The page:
If you’ve been listening to our Paceline podcasts, you’ve heard me talk about some older bike gear, a Walz wool hat and a pair of SIDI mountain shoes, that I love, not only for how well they work, but also for their durability. If you haven’t been listening…what? You’re too good to listen our podcast?
Yeah. OK. I buy that.
In this age of disposable crap, I have come to love the stuff that lasts, the stuff you can fix when you break it. Maybe I’m wrong, but it sure does feel like the bike industry has put out a lot of proprietary and non-repairable product in the last decade. I’m not saying those products are bad, functionally. I’m saying that I don’t like things that aren’t upgradeable, upcycleable, and or just durable.
I don’t want to be old man steel, but it bears saying that I saw a Phillips 3-speed on the curb the other day, and the frame was intact. A fresh chain and a pair of tires, and that thing was good to go. It was built about 70 years ago. So…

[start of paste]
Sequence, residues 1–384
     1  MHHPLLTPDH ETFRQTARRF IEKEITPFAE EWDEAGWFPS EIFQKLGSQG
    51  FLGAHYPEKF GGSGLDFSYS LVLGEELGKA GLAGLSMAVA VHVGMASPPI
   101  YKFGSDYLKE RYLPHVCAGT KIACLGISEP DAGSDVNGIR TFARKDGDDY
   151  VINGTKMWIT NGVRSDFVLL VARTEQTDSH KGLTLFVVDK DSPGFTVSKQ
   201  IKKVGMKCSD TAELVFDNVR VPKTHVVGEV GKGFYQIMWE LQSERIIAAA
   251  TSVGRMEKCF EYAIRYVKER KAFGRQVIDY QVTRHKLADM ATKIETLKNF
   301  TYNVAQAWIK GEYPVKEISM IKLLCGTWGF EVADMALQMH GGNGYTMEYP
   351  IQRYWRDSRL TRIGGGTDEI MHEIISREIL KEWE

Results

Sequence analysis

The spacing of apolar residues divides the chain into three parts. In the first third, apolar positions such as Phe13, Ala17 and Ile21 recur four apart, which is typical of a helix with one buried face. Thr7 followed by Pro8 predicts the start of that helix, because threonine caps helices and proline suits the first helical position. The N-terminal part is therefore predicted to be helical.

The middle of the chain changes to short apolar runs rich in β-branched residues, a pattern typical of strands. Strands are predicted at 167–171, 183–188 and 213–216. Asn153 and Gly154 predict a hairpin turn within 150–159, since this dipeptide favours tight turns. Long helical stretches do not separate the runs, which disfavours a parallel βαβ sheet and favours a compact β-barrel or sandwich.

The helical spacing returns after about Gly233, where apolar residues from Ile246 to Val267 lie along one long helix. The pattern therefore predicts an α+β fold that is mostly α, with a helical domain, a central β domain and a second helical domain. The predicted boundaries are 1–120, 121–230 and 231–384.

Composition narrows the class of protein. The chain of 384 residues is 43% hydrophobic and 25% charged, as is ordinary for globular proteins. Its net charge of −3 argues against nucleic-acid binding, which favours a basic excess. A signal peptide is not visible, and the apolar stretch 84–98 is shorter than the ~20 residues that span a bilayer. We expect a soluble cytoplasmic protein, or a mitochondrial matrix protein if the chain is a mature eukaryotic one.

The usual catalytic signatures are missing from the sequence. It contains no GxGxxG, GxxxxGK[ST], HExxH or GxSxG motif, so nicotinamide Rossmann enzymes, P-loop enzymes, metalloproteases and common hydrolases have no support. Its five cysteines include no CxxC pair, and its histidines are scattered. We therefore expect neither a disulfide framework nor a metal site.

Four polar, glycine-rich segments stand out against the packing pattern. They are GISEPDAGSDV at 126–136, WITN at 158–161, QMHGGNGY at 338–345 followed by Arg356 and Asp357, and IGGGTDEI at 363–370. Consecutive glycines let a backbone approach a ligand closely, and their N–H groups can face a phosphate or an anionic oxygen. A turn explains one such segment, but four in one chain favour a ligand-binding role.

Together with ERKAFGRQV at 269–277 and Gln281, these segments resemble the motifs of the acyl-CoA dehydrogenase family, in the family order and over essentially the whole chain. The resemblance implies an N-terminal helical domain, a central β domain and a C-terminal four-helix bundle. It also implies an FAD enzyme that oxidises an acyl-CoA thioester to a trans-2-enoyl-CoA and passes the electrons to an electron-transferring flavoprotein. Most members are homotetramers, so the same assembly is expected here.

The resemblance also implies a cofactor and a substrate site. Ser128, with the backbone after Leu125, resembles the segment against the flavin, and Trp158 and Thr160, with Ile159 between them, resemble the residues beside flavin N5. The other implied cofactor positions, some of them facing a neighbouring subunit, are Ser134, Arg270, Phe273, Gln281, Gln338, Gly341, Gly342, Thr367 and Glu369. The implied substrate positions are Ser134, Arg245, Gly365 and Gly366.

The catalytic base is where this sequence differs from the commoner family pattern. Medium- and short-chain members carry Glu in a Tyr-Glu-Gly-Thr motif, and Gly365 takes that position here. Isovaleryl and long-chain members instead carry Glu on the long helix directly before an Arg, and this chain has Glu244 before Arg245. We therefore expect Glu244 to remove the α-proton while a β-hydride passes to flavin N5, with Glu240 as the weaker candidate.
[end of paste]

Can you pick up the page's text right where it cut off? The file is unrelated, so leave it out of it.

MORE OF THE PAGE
Some stuff, we use up. We wear a pair of shoes until the tread disintegrates or one toe pokes through the top. We shift a derailleur until its jockey wheels fall out. We rock our favorite jersey until it has wicked its last drop of sweat. And that’s fine.
Every product has a lifecycle, and what I know from spending a bunch of years selling bikes is that few riders focus on anything other than what a bike is when it’s new (or new to them). They don’t think about what that bike will be in five years, or ten. Another thing I know, based on my coterie of cycling friends, is that they’ll still have that bike in both five years and ten.
This week’s TCIF asks, what is the good stuff? What’s something you’ve got that has proved not only outstanding, but outstandingly durable? Do you consider long term value when you buy a thing? Are you a “mend and make due” sort of person? Or a lover of shiny new objects?